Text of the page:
A debut book presents a diagnosis of the U.S.’s current political ailments, coupled with a litany of suggested reforms.
Stockdell begins his study with a grim appraisal of America’s current state of health; it’s not merely that the economy is in tatters, but that the political class is no longer generally trusted to trigger a turnaround. The principal problem seems to be monstrously bloated government, practically ineffective, fiscally prodigal, and highly vulnerable to corruption. The author analyzes the inherent failings of a centralized bureaucracy while reflecting on his own experiences as a civil servant. Stockdell particularly objects to government’s heavy-handed attempts to either coerce behavior or provide the kinds of services best offered by the private sector. He discusses the psychological motivations behind big government ideology, which largely embrace the impatient impulse to technocratically solve every problem quickly, or the self-aggrandizement of government officials. The author also furnishes a broad historical context, detailing the way leftist politics in the U.S. has borrowed from the failed legacy of European political theory: “In recent years, the progressive ideology has morphed into a form of socialism, which believes in the absolute dominance of the government and radical redistribution of wealth.” Ultimately, the nation’s problems are so systemically deep, he recommends a Constitutional Convention that, among other things, makes it easier for the public to directly initiate Constitutional reform. He suggests some amendments, too: for example, term limits for members of Congress and federal judges and limits on campaign spending. This is a wide-ranging analysis that covers everything from gun control to the Electoral College. The author certainly has his political commitments (the book is inspired by Friedrich Hayek’s The Road to Serfdom, which advocates individualism), but each section is written with impressive bipartisan moderation. Stockdell often anticipates rational objections to his policy preferences and furnishes reasonable responses to them. The book covers far too much ground, and so the work turns out to be pithy rather than deep, something one might anticipate from the immodest title. It can also be delightfully quirky: there’s an extended aside on postmodern thought. There isn’t much new here philosophically, but the author contributes some concrete policy proposals worthy of consideration.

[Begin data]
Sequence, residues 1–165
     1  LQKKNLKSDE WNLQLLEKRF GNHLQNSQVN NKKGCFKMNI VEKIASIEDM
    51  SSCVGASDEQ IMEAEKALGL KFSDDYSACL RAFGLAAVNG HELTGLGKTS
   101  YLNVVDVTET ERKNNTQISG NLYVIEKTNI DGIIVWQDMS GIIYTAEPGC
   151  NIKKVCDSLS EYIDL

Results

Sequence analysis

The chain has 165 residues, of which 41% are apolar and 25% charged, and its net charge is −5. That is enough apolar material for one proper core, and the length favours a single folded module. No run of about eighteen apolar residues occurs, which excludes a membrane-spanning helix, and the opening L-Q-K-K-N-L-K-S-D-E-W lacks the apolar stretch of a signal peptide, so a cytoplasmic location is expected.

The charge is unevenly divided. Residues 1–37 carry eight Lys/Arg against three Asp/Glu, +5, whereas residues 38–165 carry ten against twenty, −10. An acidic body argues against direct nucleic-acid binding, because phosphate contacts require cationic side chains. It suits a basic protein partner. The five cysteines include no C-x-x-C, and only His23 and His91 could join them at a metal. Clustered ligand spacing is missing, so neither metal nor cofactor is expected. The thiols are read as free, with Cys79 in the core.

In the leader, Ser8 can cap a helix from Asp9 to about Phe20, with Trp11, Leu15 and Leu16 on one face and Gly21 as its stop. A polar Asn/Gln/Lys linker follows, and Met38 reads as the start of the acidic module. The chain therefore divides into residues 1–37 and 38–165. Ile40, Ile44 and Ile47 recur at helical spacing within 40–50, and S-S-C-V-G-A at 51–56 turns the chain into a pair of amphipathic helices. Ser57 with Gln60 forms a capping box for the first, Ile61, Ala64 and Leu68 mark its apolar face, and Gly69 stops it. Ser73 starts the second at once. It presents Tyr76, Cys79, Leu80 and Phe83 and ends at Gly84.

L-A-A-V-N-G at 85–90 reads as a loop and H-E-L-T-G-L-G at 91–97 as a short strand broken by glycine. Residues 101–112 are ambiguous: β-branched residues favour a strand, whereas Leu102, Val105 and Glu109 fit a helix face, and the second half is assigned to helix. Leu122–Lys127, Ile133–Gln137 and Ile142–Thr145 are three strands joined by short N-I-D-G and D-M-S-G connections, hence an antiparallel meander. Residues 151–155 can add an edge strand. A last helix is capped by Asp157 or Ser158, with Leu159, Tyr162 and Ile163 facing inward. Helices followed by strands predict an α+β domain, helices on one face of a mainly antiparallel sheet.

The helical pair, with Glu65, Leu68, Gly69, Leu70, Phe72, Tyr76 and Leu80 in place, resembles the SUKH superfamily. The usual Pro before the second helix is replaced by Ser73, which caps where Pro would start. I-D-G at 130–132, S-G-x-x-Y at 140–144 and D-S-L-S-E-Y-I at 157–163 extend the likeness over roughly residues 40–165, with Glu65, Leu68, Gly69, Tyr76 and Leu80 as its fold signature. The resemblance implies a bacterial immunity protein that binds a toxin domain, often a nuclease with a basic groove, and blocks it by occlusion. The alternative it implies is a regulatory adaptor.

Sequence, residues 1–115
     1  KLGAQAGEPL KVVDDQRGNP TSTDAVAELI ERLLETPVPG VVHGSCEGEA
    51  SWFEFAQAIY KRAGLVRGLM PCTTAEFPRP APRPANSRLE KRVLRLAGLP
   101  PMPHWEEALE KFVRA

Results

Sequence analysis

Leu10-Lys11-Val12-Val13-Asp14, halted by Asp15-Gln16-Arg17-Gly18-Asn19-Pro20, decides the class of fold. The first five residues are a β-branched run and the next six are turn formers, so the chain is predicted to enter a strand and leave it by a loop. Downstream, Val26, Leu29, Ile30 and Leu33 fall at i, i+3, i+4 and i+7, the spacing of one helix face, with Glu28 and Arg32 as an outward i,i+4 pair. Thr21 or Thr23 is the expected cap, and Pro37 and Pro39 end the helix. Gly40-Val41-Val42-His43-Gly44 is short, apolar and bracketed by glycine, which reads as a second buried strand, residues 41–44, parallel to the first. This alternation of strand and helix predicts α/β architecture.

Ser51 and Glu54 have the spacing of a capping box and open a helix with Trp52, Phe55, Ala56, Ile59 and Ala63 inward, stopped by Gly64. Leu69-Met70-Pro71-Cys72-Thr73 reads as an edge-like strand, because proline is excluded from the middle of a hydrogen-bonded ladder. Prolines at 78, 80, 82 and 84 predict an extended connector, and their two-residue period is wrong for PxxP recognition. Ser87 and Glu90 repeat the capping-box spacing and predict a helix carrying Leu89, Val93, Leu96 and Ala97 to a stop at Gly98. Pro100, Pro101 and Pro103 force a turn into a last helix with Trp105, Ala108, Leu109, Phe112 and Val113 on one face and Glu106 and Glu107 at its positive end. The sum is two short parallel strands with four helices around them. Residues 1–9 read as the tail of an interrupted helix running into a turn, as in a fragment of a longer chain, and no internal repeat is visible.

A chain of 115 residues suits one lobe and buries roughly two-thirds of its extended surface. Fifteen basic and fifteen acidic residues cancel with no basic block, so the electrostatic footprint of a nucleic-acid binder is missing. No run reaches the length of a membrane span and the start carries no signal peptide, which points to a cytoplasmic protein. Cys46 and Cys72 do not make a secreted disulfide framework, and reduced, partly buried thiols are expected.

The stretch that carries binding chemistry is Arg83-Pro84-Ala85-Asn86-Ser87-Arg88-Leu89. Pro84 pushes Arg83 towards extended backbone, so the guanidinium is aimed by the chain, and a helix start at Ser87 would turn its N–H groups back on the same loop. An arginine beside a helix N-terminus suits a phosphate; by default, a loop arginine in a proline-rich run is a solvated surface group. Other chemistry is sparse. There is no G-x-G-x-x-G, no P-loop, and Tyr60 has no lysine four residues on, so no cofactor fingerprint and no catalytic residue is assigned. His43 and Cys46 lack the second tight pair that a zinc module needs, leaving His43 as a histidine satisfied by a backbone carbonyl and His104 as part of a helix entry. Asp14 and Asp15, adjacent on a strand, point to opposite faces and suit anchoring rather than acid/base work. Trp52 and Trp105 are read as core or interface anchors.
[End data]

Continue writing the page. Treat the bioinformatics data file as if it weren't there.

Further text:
A thoughtful, if overextended, critique of big government.